Former Professor Sentenced to 15 Years in Prison for Producing Child Pornography
PITTSBURGH - A resident of Westmoreland County has pleaded guilty to a charge of production of material depicting the sexual exploitation of a minor, and has been sentenced in federal court to 180 months imprisonment, to be followed by a term of supervised release to extend the remainder of his life, United States Attorney David J. Hickton announced today.
United States District Judge David S. Cercone imposed the sentence on Balazs Tarnai, 36, formerly of Greensburg, Pa. At the time of his arrest, Tarnai was a Professor of Special Education at Seton Hill University in Greensburg, Pa. He holds a PhD from Penn State University.
According to information presented to the court during the guilty plea phase of the proceedings, on March 30, 2011, Tarnai knowingly received visual depictions of minors engaged in sexually explicit conduct by computer and the United States Mail. A search of his residence and seizure of his laptop computer with valid consent revealed material depicting the sexual exploitation of prepubescent minor boys, as well as homemade videos and images of minor boys using the bathrooms in his home.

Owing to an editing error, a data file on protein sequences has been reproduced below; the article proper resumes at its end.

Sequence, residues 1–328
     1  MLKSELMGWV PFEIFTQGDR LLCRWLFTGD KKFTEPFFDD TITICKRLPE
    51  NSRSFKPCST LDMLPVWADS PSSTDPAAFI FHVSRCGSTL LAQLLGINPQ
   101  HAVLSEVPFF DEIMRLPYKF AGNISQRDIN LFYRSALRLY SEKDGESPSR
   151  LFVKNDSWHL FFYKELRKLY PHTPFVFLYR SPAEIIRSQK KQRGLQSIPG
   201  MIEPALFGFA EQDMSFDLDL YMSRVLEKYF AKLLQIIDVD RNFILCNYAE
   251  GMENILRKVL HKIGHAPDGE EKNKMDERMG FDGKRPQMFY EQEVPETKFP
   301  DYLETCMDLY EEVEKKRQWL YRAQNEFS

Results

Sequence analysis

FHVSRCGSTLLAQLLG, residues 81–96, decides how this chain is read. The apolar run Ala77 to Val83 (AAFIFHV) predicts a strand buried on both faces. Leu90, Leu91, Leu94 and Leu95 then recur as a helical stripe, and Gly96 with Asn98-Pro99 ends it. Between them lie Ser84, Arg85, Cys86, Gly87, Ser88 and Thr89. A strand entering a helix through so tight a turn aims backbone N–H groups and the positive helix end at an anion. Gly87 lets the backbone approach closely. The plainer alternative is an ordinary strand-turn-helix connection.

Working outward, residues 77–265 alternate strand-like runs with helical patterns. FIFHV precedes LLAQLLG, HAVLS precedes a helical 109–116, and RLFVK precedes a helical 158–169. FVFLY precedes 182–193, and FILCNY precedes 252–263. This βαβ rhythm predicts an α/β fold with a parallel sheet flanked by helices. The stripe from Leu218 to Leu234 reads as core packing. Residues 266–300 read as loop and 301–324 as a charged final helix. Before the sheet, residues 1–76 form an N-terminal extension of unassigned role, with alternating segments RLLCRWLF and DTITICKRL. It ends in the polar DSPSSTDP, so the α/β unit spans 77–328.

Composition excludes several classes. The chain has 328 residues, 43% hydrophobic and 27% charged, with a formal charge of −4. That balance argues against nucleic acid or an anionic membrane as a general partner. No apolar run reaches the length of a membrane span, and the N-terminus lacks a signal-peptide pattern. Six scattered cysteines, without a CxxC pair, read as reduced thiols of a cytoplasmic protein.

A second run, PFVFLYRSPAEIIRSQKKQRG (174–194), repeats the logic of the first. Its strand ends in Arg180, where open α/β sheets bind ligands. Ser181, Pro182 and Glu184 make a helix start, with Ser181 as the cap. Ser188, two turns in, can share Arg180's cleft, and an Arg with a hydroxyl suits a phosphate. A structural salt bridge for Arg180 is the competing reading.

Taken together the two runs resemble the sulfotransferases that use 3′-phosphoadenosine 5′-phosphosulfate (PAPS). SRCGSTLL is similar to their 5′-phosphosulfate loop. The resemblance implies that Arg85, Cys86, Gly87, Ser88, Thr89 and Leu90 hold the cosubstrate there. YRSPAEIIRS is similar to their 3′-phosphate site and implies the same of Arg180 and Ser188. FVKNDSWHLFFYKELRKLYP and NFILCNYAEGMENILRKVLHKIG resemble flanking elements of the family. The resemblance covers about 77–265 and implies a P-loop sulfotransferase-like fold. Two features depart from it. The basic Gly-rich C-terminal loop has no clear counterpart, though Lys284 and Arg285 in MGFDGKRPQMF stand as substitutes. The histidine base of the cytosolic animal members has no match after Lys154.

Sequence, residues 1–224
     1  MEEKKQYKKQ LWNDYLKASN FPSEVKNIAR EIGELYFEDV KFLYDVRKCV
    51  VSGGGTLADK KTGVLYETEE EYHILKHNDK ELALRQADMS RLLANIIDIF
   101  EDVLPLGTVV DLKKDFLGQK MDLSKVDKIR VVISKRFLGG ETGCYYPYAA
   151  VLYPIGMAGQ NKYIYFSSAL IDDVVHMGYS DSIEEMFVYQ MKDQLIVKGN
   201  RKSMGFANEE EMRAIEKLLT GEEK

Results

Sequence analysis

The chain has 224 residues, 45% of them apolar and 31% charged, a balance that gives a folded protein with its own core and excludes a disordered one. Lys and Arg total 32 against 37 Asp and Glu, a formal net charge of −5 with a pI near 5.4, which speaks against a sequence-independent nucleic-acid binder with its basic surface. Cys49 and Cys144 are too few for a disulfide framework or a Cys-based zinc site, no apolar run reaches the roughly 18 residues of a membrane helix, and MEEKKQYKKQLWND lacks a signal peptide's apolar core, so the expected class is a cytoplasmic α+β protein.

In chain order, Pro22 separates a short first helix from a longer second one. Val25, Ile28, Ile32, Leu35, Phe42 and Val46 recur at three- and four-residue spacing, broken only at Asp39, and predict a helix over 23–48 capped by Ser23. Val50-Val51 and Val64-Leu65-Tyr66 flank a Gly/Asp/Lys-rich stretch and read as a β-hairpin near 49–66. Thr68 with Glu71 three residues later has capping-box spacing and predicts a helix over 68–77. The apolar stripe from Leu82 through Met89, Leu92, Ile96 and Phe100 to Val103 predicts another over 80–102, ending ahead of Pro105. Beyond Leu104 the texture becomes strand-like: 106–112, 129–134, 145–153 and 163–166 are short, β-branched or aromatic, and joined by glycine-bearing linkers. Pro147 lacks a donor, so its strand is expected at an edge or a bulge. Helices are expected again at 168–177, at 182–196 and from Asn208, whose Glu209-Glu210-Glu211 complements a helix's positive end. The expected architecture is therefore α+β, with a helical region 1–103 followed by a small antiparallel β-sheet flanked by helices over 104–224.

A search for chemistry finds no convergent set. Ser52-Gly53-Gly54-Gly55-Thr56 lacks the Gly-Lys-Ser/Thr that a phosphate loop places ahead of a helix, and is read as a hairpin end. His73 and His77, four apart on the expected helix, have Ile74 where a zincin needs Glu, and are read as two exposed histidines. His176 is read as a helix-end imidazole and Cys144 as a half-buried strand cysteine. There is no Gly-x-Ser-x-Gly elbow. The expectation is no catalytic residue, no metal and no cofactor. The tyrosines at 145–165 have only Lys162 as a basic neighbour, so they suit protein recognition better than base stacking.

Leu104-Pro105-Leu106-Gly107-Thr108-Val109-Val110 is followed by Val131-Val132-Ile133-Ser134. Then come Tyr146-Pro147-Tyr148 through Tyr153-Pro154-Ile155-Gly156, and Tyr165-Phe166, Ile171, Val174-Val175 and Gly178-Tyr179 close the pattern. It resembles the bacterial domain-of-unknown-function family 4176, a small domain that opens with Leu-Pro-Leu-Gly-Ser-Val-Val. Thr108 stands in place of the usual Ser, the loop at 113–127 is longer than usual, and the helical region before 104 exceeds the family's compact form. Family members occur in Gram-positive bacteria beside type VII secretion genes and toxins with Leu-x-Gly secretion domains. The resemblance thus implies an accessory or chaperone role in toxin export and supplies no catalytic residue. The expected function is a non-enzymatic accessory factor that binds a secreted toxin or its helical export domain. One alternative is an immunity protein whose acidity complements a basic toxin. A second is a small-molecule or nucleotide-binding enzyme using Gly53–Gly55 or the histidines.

Assistant United States Attorney Jessica Lieber Smolar prosecuted this case on behalf of the government.
U.S. Attorney Hickton commended the United States Postal Inspection Service, the Greensburg Police Department, and the Department of Homeland Security - Immigration and Customs Enforcement, HSI - Pittsburgh, for the investigation leading to the successful prosecution of Tarnai.
This case was brought as part of Project Safe Childhood, a nationwide initiative to combat the growing epidemic of child sexual exploitation and abuse launched in May 2006 by the Department of Justice. Led by United States Attorneys’ Offices and the Criminal Division's Child Exploitation and Obscenity Section (CEOS), Project Safe Childhood marshals federal, state and local resources to better locate, apprehend and prosecute individuals who exploit children via the Internet, as well as to identify and rescue victims. For more information about Project Safe Childhood, please visit www.justice.gov/psc.
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